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Heating

The house is an important energy system and permaculture addresses ways in which the home can utilise the sun and other renewable energy.

Incorporating solar energy efficiency design into new builds can cost up to 5% more than conventional designs, however the cost is recouped over a number of years with much lower heating bills. In either a rural or suburban area using a wood burning stove can be feasible to heat the home, however it is advisable to check local authority regulations if you live in a suburban area.

Another method requires all solid materials such as stone or brick and other heat sources to be kept at the centre of a structure. This enables the structure to maximise on high solar gain, allowing the inner core to act as a large heat stone. In passive solar heating systems the aperture or collector is a large window through which sunlight enters the building. Typically the aperture(s) should be located within 30°of the true south and should not be shaded by other buildings or trues during peak sunlight hours.  Underground building also provides a high degree of temperature stability.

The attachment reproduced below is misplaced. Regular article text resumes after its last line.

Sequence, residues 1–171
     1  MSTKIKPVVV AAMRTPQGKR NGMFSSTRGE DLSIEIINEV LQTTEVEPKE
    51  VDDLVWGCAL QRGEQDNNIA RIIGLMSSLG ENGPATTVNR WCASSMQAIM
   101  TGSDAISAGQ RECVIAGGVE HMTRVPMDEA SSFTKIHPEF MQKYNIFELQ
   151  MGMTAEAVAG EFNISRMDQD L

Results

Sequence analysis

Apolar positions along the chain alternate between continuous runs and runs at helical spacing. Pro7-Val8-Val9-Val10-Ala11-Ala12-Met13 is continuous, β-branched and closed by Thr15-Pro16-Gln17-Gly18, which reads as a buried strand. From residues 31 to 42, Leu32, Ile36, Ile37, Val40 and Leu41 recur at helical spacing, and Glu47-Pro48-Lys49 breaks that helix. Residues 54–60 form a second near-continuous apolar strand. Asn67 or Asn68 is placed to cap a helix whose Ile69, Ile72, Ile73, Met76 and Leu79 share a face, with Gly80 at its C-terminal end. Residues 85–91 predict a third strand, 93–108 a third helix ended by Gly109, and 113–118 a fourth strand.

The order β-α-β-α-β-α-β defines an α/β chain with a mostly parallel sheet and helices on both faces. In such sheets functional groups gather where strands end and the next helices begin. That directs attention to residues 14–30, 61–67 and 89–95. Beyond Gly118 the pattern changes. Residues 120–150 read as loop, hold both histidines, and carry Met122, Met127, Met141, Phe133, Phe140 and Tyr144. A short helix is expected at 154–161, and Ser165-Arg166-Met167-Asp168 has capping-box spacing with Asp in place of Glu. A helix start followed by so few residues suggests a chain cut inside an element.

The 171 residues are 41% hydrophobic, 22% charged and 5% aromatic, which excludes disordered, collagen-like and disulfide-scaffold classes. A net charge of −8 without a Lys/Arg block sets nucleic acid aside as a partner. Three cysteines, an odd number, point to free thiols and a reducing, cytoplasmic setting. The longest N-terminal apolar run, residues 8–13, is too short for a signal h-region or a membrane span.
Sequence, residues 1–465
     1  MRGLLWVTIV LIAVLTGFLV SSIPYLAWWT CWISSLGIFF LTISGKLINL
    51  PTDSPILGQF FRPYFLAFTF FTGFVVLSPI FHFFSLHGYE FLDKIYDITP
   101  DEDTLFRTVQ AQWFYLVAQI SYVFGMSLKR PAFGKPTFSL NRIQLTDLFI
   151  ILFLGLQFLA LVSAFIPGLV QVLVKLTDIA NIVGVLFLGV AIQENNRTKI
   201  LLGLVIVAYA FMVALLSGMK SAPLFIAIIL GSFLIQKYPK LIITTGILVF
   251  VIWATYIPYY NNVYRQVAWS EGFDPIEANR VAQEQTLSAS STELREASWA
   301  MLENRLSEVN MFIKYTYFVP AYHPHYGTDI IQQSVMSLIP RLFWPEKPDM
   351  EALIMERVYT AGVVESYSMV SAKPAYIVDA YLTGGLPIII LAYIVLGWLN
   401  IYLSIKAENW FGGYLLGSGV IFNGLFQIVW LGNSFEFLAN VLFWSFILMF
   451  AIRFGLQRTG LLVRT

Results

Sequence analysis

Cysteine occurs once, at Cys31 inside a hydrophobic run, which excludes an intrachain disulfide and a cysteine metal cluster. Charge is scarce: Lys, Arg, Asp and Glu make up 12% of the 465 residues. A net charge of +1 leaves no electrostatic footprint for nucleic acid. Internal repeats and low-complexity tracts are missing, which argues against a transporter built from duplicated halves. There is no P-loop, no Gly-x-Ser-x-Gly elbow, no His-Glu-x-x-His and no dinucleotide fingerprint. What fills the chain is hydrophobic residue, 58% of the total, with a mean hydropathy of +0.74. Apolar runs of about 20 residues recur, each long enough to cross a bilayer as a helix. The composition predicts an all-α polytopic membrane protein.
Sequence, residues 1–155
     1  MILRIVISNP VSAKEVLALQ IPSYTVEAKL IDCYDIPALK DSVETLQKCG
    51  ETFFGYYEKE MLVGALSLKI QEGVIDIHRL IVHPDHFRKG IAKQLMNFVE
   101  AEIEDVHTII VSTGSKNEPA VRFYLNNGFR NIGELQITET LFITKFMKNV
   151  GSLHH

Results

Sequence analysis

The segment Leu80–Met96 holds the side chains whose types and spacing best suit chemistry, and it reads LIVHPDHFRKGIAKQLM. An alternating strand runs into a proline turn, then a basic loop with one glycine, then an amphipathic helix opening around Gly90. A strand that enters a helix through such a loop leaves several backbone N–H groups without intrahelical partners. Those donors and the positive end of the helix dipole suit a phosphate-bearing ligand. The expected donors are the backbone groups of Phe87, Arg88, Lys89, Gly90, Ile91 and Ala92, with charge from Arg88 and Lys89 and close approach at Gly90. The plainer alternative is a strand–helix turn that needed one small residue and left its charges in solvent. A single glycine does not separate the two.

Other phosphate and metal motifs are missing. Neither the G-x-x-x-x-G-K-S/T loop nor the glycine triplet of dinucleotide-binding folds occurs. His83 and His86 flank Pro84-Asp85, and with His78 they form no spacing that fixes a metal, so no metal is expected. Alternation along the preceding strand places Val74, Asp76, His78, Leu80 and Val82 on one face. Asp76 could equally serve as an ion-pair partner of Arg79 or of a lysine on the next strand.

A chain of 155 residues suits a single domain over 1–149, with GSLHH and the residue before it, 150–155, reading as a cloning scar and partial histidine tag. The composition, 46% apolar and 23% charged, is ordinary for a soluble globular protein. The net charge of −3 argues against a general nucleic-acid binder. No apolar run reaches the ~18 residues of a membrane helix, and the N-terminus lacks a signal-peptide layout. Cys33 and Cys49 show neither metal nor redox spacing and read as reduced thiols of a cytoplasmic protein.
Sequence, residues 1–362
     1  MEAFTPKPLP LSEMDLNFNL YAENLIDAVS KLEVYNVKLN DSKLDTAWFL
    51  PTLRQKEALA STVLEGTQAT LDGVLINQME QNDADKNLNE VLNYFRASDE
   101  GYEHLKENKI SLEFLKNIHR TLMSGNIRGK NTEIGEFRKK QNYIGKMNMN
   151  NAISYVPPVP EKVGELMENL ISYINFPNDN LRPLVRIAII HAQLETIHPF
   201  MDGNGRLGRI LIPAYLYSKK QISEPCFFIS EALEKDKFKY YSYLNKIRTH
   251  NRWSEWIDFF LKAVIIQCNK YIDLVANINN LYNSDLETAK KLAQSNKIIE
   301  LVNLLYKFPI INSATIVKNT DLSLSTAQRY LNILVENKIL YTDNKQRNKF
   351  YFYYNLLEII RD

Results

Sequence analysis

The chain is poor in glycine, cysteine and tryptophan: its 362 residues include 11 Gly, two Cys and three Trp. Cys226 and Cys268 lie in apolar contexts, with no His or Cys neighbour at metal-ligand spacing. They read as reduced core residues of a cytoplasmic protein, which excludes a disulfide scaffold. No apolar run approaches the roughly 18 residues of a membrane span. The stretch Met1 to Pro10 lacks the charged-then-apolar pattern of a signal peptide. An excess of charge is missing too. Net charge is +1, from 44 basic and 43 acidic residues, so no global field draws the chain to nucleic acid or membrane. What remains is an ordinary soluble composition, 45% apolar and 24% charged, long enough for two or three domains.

Other very simple recitatives to enhance heating in the home include using curtains, installing reflectors behind radiators and turning heating down by one degree to reduce energy bills.